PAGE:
Long-term vaccine-induced heterologous protection against H5N1 influenza viruses in the ferret model
Article first published online: 16 AUG 2012
© 2012 John Wiley & Sons Ltd
Influenza and Other Respiratory Viruses
Volume 7, Issue 4, pages 506–512, July 2013
How to Cite
Ducatez, M. F., Webb, A., Crumpton, J.-C. and Webby, R. J. (2013), Long-term vaccine-induced heterologous protection against H5N1 influenza viruses in the ferret model. Influenza and Other Respiratory Viruses, 7: 506–512. doi: 10.1111/j.1750-2659.2012.00423.x
- Issue published online: 11 JUN 2013
- Article first published online: 16 AUG 2012
- Accepted 30 June 2012. Published Online 16 August 2012.
- influenza virus;
Please cite this paper as: Ducatez et al. (2012) Long-term vaccine-induced heterologous protection against H5N1 influenza viruses in the ferret model. Influenza and Other Respiratory Viruses 7(4), 506–512.
Background Highly pathogenic H5N1 influenza viruses reemerged in humans in 2003 and have caused fatal human infections in Asia and Africa as well as ongoing outbreaks in poultry. These viruses have evolved substantially and are now so antigenically varied that a single vaccine antigen may not protect against all circulating strains. Nevertheless, studies have shown that substantial cross-reactivity can be achieved with H5N1 vaccines. These studies have not, however, addressed the issue of duration of such cross-reactive protection.
Objectives To directly address this using the ferret model, we used two recommended World Health Organization H5N1 vaccine seed strains – A/Vietnam/1203/04 (clade 1) and A/duck/Hunan/795/02 (clade 2.1) – seven single, double, or triple mutant viruses based on A/Vietnam/1203/04, and the ancestral viruses A and D, selected from sequences at nodes of the hemagglutinin and neuraminidase gene phylogenies to represent antigenically diverse progeny H5N1 subclades as vaccine antigens.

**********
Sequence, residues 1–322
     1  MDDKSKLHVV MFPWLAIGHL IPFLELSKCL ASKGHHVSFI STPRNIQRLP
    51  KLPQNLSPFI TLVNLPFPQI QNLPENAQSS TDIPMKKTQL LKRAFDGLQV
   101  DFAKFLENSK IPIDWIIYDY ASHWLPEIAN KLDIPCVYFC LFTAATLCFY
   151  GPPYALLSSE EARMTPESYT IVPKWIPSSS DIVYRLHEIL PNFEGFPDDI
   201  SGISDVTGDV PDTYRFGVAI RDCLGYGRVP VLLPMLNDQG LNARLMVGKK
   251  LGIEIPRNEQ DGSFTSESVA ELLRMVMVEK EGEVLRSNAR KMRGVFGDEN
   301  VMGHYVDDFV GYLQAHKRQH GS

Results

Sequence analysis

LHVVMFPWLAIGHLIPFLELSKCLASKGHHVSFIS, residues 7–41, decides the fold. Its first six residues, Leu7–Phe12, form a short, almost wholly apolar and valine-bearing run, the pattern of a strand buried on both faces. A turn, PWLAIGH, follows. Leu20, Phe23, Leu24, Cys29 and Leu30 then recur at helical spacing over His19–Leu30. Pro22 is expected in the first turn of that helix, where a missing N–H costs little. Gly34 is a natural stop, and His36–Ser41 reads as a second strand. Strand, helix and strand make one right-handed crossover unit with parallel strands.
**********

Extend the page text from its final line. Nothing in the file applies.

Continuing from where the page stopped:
Results All inactivated whole-virus vaccines provided full protection against morbidity and mortality in ferrets challenged with the highly pathogenic H5N1 strain A/Vietnam/1203/04 5 months and 1 year after immunization.
Conclusion If an H5N1 pandemic was to arise, and with the hypothesis that one can extrapolate the results from three doses of a whole-virion vaccine in ferrets to the available split vaccines for use in humans, the population could be efficiently immunized with currently available H5N1 vaccines, while the homologous vaccine is under production.